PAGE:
OSGOOD HENRY MACKENZIE, Proprietor and Farmer, Inverewe (41)—examined.
29339. The Chairman.
—The last witness told us that their fishing boats were made in whole or in part of larch wood. I see you have been an extensive planter; have you ever made any estimate of what the value of the wood would be in this country ?
—No, I have not. At present I think the price of the wood is very low; much lower than what it was
some years ago.
29340. Is that the case even with larch wood?
—I cannot say. I have never sold any wood; my wood is all young; but I think it is all low.
29341. You have probably planted your wood with a view to ornament ?
—Yes; and the trees are quite young.
29342. How do you find the larch thrive ?
—It thrives very well in some parts, but I have planted it in rather bad soil. I think, however, planting would do a great deal of good to the country.
29343. And would be eventually profitable?
—I think so.
29344. If you had, at the present time, larch in a state of maturity, would you not find a good market for the sale of the trees ?
—I have heard that the market is not good for any kind of wood —not very good.
29345. But is there not a considerable improvement going on in the building of better houses ?
—Yes, all the new houses are good compared with what they were.
29346. And should that not create a demand for timber?
29347. Have you planted a great deal of hard wood besides larch ?
—No, I have planted but little altogether. If I had more money I should like to plant thousands of acres, but it is rather expensive work.
29348. Planting involves not only the employment of labour, but a good deal of permanent labour?
—A great deal. That can be seen in Loch Broom, which will give work for many years, and it has given a good deal of employment in Gairloch for many years.
29349. Is the wood cut on the Gairloch estate used for the domestic purposes of the country as well as for roofing ?
29350. Also for fencing?
—Yes, for the posts.
29351. Is fencing increasing now in the country?
—Very much; every body wants fences, even the crofters.
29352. So that the demand for stocks for wire fences would alone make a considerable market for the small wood ?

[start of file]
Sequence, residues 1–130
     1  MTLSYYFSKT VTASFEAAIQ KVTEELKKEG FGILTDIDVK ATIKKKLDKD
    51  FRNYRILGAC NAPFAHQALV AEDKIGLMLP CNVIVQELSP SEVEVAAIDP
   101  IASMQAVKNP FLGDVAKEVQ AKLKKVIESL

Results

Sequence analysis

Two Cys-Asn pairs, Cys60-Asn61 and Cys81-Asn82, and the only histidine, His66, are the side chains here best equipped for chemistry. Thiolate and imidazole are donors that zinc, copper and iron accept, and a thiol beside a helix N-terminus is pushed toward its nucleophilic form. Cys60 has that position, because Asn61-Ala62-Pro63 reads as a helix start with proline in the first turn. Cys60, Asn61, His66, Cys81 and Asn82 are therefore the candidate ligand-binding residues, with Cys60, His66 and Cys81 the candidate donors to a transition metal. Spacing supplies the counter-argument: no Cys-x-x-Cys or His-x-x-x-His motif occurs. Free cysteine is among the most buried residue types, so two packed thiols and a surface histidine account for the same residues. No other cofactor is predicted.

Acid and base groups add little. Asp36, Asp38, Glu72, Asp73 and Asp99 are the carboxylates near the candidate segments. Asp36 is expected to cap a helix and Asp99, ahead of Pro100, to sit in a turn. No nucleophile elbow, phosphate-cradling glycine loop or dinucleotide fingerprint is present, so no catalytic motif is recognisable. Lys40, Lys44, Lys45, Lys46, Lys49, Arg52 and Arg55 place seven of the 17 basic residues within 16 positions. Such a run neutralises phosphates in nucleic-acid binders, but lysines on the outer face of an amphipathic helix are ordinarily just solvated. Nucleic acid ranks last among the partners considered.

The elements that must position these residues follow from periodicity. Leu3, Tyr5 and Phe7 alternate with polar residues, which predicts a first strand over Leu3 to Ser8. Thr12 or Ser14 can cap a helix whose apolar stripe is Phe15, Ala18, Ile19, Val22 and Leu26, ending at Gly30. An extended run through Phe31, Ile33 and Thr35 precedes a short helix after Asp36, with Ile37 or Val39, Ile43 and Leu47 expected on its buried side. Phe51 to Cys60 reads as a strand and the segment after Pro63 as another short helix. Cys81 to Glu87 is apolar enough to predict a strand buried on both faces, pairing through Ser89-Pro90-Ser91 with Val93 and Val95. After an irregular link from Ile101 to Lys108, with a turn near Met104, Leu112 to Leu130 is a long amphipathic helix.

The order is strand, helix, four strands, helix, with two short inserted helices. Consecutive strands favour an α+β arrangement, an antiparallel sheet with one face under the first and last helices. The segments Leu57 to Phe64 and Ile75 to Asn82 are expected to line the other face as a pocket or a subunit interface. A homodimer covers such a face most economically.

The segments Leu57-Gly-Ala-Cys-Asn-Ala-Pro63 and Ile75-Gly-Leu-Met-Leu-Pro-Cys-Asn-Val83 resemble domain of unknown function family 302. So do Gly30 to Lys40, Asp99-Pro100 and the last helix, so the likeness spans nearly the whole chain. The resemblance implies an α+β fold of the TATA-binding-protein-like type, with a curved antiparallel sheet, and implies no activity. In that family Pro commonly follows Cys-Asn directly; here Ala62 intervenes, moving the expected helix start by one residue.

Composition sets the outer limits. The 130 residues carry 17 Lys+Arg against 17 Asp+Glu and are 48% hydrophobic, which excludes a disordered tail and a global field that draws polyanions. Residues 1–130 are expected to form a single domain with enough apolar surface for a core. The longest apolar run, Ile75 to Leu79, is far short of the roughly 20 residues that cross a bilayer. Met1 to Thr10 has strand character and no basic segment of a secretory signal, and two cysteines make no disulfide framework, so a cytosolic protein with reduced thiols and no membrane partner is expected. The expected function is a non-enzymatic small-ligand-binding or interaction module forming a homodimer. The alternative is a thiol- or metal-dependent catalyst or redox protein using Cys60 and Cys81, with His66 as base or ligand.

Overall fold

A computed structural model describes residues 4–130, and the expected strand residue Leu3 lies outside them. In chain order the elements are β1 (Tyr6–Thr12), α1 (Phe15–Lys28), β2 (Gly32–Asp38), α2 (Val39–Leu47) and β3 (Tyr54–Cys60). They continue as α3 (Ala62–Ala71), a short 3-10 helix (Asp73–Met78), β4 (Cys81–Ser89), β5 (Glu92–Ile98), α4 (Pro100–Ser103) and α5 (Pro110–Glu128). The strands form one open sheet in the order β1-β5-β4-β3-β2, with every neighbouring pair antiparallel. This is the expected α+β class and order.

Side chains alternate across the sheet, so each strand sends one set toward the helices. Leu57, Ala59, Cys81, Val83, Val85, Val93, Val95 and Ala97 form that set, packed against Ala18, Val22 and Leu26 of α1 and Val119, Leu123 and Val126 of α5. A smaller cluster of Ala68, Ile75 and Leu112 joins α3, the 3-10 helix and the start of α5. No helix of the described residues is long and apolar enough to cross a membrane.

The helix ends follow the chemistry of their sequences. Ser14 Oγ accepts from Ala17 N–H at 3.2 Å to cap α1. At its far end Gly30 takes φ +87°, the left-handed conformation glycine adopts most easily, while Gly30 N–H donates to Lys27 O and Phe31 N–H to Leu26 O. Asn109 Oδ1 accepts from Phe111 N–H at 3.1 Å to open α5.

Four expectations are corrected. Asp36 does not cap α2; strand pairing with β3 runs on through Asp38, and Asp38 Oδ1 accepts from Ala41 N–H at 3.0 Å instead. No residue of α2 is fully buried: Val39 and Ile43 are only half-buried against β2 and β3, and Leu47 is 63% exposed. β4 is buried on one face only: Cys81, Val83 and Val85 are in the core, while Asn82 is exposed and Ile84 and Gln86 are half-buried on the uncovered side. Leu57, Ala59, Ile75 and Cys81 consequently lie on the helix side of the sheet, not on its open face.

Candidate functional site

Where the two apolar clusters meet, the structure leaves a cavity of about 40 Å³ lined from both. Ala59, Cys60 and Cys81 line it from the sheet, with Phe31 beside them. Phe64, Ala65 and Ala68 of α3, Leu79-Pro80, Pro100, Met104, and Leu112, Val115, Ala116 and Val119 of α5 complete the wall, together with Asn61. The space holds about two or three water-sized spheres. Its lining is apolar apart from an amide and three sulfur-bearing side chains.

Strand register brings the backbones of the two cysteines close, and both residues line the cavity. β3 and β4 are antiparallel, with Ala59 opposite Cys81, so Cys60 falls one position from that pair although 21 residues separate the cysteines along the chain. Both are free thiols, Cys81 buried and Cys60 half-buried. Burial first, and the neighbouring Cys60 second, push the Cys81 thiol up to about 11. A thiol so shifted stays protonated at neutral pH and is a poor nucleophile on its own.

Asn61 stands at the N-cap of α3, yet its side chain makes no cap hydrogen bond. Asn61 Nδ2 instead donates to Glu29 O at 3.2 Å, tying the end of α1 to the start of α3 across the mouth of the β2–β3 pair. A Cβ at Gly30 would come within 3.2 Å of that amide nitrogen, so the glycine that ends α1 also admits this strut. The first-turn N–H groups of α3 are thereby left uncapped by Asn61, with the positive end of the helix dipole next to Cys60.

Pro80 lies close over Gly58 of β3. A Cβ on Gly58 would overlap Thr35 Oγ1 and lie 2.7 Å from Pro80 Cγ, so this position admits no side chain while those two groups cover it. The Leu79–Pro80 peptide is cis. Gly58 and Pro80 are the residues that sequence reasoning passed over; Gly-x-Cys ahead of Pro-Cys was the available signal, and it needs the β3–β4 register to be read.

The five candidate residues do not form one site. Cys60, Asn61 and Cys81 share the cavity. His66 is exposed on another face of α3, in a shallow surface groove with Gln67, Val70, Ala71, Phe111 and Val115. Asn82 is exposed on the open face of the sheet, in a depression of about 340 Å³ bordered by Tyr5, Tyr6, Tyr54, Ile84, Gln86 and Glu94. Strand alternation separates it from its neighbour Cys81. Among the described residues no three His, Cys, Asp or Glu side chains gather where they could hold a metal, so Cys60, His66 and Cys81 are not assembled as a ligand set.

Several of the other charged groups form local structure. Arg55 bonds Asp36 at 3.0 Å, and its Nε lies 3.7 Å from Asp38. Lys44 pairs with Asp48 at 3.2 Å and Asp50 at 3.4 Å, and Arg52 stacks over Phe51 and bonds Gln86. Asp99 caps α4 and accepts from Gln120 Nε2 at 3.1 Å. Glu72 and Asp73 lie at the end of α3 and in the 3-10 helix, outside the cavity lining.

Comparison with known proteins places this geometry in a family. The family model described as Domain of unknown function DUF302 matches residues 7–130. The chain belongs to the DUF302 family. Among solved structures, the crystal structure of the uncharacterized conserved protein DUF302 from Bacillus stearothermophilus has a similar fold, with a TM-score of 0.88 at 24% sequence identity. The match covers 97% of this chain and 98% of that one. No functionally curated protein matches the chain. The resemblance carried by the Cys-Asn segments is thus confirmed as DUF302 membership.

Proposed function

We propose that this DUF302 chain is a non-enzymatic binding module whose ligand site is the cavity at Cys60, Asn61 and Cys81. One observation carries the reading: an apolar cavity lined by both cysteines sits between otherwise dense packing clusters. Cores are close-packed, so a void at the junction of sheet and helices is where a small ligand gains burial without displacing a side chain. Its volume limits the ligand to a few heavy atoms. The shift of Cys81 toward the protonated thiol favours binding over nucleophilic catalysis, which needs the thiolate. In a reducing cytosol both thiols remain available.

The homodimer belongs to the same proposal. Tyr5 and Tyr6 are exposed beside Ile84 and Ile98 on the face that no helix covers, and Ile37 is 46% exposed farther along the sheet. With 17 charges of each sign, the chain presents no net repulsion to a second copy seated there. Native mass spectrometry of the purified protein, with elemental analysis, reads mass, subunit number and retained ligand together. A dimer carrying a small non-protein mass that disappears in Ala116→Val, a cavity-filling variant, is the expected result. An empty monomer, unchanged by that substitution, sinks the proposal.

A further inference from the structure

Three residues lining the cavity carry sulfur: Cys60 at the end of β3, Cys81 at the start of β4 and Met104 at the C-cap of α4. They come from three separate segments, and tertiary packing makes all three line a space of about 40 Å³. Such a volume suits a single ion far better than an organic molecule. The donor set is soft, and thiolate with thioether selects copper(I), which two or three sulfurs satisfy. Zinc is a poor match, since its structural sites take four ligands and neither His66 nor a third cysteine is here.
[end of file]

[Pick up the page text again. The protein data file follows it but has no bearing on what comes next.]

—Except when people are using iron entirely. In this wet climate wood soon rots when it is not good.
29353. Are you a sheep farmer ?
—I am to a small extent.
29354. What kind of sheep ?
—About eight hundred cheviots.
29355. We have heard a great deal about the deterioration of the pasture in this country owing to the extensive use of sheep upon the ground, is that consistent with your experience?
—There is no doubt about it.
29356. What do you attribute that to ?
—Because the sheep feed during the day time and go up and lie on the rocks at night and leave the manure there; whereas cattle always lie on the best places at night.
29357. You mix the cattle and sheep ?
—Yes, but I have only lately taken to cattle.
29358. Do you find the introduction of cattle both useful to the pasture and profitable in the market ?
—It is certainly useful to the pasture, but I don't know that there will be much profit made out of them.
29359. What class of cattle do you use ?
— Pure West Highland.
29360. Do you find that shorthorn crosses are being introduced here ?
—We have not tried them here, but it is a very good cross.
29361. Has anyone tried it?
—Nobody in this parish.
29362. Do you think it is likely to be tried?
—I don't think it is very likely; it is so troublesome to be constantly buying in fresh Highland heifers.
29363. You would not like to see the cross propagate itself?
—I don't think that is a very good system, getting cross bulls to the cross cows. It has not been found good with sheep.
29364. Is there any improvement visible in the crofters' stock ?
—A great improvement,
29365. So that they are getting better prices?
—Yes, four times what they got thirty-five years ago.
29366. Mr Cameron.
—What other employment have the people besides what they obtain on their own crofts in this district—apart from the wood planting ?
—Very little indeed.
29367. I suppose, except upon Sir Kenneth's estate and upon his own works, there is, practically, none at all?
—Very little. I give a little, and Mr Bankes used to give a little, but nothing to benefit the people in any way.
29368. Do they get much employment from shooting tenants ?
—A good deal, for a short time.
29369. That only lasts while the shooting tenants are here ?
—Some of them have gardeners.
29370. Do tourists employ many ?
—Yes, a good many are employed by hotel keepers—they are employed as boatmen for the fishermen.